I do not usually write posts on the latest compromise as I always feel there is enough coverage, speculation, and commentary from smarter people than I. There is a lot of speculation about the recently announced RSA breach both on the technical details of the compromise and on who may have been behind the attack. Yeah everyone is throwing three letter acronyms around again. The Digital Underground Podcast recently posted a great discussion on the technical side here and there as been some good posts on mitigation techniques.
The part I really have issue with is RSA's lack luster disclosure of this compromise. Some have suggested that they should be praised for publicly announcing the breach. I'm not sure when we set the bar so low. Since when is posting a written notification with vague details and little to no information on when and what was compromised and who is affected become acceptable?
A lot of organizations have paid a lot of money to increase the security of their information systems and data by purchasing the RSA SecureID solution. Don't forget even if your not a customer of RSA (Disclosure: I am not) it is still your family's data being protected by such solutions. In short, I find RSA's actions post compromise disgusting and inept.
While knowing the technical details of the compromise would benefit the security community by giving everyone an opportunity to learn where things went wrong, the reality is we will probably never know the details and this is OK with me. What needs to be done, on the part of RSA however, is to step up and fix where things went wrong, notify those clients affected, and offer them replacements or fixes for the technology they already purchased. Thus far the advice given by RSA is nothing more than best practice and common sense. I would like to think those implementing RSA's authentication solutions are probably already familiar with such administration controls.
To use a bad analogy. This is the equivalent of a new home owner hiring a Master Locksmith to replace all the locks in their new home with a more secure solution, only to have the locksmith keep a copy of the keys and tell the customer at a later date that the key has been stolen and the customer should go buy a bigger guard dog or better alarm system at their own expense. Would this be acceptable?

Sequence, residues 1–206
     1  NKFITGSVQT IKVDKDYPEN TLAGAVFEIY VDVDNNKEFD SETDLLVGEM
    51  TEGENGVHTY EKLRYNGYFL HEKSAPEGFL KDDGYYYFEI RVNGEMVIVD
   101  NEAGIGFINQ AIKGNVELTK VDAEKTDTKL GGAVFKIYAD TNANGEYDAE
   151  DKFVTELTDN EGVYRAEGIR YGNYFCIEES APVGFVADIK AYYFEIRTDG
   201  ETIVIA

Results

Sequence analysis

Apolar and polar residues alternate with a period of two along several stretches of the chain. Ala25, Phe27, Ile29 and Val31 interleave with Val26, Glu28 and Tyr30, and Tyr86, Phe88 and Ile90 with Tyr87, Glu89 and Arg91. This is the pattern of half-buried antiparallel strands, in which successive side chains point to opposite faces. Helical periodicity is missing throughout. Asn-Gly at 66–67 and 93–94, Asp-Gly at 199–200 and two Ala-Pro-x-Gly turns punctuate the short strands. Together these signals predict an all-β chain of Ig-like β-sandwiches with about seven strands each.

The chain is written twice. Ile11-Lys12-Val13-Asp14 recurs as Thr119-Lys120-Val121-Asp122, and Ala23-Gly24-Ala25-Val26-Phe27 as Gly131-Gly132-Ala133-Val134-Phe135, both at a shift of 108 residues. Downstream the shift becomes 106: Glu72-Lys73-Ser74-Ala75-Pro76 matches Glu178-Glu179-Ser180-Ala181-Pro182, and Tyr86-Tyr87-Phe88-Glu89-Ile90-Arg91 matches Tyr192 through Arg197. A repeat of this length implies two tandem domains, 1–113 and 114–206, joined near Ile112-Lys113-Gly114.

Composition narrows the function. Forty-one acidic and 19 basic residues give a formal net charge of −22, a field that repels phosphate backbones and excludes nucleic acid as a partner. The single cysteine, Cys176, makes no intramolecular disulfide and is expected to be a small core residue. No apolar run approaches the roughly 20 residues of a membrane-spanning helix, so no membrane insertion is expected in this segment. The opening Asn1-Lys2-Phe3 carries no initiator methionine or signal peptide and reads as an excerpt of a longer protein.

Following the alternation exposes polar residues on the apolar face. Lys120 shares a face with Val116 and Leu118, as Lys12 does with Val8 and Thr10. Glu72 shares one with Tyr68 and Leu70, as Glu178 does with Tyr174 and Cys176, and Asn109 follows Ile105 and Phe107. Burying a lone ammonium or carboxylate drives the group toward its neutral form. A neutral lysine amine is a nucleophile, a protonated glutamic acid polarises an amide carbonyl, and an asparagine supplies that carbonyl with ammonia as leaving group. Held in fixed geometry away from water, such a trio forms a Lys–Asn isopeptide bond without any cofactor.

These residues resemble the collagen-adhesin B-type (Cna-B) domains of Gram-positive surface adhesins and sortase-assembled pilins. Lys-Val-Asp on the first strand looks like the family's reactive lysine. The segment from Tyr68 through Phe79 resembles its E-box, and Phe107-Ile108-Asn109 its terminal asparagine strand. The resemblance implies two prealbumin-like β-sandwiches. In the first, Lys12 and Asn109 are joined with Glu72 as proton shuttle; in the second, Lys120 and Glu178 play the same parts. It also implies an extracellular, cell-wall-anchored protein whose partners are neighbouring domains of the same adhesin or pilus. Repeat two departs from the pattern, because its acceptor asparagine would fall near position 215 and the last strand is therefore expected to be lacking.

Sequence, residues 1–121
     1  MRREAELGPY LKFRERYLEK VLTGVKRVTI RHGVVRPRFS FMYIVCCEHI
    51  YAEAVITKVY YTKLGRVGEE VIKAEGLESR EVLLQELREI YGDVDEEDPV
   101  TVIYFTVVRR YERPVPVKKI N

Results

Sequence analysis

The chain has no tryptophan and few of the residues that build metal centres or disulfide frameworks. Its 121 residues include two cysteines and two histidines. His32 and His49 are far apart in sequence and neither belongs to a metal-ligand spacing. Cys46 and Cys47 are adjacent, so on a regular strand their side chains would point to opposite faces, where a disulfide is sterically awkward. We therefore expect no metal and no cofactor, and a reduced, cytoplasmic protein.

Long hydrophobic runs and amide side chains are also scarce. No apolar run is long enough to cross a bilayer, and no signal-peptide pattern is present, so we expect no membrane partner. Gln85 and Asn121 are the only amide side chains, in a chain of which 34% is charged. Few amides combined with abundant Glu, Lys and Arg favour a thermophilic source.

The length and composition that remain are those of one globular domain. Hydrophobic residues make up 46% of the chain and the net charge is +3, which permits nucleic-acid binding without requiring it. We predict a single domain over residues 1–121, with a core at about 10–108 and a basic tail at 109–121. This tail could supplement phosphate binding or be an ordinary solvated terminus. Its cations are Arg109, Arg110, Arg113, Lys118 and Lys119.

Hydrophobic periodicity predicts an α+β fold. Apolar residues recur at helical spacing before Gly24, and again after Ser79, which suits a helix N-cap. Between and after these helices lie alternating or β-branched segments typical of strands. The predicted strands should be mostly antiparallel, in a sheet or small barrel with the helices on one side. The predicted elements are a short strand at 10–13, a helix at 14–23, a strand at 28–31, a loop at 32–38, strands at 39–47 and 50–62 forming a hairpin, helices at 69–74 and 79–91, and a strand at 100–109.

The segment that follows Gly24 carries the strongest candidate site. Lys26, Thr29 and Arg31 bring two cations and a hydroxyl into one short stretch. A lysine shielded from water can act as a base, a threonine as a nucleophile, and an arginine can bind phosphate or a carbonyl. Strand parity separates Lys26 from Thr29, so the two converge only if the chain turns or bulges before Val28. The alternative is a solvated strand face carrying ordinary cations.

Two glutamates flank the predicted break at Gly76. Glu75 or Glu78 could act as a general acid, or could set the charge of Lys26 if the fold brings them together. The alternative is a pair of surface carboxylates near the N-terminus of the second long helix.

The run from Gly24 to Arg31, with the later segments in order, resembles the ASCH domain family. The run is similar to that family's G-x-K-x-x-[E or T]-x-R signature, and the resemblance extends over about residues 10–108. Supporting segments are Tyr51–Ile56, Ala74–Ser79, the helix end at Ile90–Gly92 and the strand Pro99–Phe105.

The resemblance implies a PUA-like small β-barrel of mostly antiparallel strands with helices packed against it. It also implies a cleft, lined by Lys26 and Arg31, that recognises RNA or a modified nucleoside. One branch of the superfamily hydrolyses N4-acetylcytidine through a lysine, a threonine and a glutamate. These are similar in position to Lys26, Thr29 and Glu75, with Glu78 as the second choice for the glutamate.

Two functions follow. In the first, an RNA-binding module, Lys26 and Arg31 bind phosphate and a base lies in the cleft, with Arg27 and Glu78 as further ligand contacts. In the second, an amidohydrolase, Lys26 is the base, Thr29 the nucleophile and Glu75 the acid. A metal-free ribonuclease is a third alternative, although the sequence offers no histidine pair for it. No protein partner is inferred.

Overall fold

Not the greatest analogy but I did say their were more intelligent people than I posting about this didn't I?
The truth is, everyone gets owned at some time or another. It is the actions of the compromised organization during the aftermath that will distinguish it from other competitors. Asking other security solution providers to sign an NDA to learn more about the compromise is not looking out for the best interests of your customers.
Updated June 01, 2011
It appears that there may have been several attacks against U.S. defense contractor's that leveraged information from the RSA compromise. Last Friday, Reuters reported that there was a breach at Lockheed Martin Corporation. On Monday, Wired reported that L-3 Communications had also been targeted and leaked memo suggested the attackers were using inside information on their SecureID system gained by the RSA hack. Today, Fox news is reporting a possible attack against Northrop Grumman. With all these reports flooding the internet it is difficult to know how much is based on fact but I did want to share a gem of a quote from the Wired report.
Asked if the RSA intruders did gain the ability to clone SecurID keyfobs, RSA spokeswoman Helen Stefen said, “That’s not something we had commented on and probably never will.”Updated June 7, 2011
It appears RSA has updated their Open Letter to RSA SecurID Customers. The update provides verification of the Lockheed Martin attack and offers long awaited replacements of SecurID tokens, although for what appears to be a limited subset of SecurID customers. Thanks to Wim Remes for the heads up on the updated post.